Xcel Energy is again in the lead after moving ahead of Southern California Edison last year. Xcel Energy is committed to increasing its use of renewable power throughout its eight-state service territory, according to the utility. MidAmerican Energy, which includes MidAmerican in the Midwest and PacifiCorp in the Northwest, moves into third place, with the acquisition in 2006 of several large facilities.

The wind industry installed 1,524 turbines in 2006, with a total generating capacity of 2,454 MW, bringing the average capacity to 1.6 MW. With 764 units installed, the GE Energy 1.5-MW is still the most widely installed. The second most widely installed in 2006 is the Siemens 2.3-MW, with 249 units installed.

These turbines all stand 100 meters to 145 meters tall (330--490 feet). Within each rated capacity, the length of the blades and height of the towers can vary to accommodate specific location and wind speed needs. Larger, taller turbines catch better winds at higher elevations and are more powerful because of the larger area swept by the blades; advances in technology such as sophisticated power electronics and high-tech materials also increase productivity. Wind turbines installed in 2006 average 1.6 MW in rated capacity and are at least twice as powerful as the average turbine installed in 2000.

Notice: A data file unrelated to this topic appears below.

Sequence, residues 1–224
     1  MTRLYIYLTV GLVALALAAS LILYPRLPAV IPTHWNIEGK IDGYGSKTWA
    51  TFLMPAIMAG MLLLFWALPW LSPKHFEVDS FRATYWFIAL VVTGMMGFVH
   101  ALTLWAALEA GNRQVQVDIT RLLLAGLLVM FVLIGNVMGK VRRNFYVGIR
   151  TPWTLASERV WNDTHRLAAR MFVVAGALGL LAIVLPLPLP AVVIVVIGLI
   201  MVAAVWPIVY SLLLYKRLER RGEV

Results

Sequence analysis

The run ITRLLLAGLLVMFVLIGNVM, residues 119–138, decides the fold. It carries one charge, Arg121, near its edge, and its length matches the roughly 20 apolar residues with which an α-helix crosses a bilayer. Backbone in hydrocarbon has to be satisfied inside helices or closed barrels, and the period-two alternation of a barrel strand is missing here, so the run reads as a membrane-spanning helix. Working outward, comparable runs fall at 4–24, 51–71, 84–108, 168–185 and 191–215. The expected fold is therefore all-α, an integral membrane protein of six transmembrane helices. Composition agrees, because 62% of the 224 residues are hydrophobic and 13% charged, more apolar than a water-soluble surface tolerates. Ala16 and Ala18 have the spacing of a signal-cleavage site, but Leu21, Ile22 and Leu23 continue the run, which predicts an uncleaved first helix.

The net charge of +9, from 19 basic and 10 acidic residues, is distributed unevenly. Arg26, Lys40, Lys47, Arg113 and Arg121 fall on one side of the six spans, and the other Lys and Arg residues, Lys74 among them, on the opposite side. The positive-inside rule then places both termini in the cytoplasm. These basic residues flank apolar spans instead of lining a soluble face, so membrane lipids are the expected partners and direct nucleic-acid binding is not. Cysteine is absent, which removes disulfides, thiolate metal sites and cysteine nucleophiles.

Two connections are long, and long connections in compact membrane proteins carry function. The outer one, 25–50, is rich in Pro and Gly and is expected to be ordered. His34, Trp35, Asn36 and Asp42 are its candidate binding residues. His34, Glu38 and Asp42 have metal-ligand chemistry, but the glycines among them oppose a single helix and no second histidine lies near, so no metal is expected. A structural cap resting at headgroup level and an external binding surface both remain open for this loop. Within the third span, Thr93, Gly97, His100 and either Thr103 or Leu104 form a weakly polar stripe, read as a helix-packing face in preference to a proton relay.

AWEA is launching this new ranking in response to a growing number of inquiries and interest from Capitol Hill. Wind farms boost the tax base, helping to pay for schools, roads and hospitals. Wind farms also revitalize the economy of rural communities by providing steady income to farmers and other landowners. Each wind turbine contributes $3,000 to $5,000 or more per year in farm income, while farmers continue to grow crops or graze cattle up to the foot of the turbines.

These rankings are for House Congressional districts. The Senators from the states with most wind power installed are from California, Texas, Iowa, Minnesota and Washington. Information for these rankings was reported to AWEA by Association members. For more detailed data on existing wind power projects in the U.S. please go to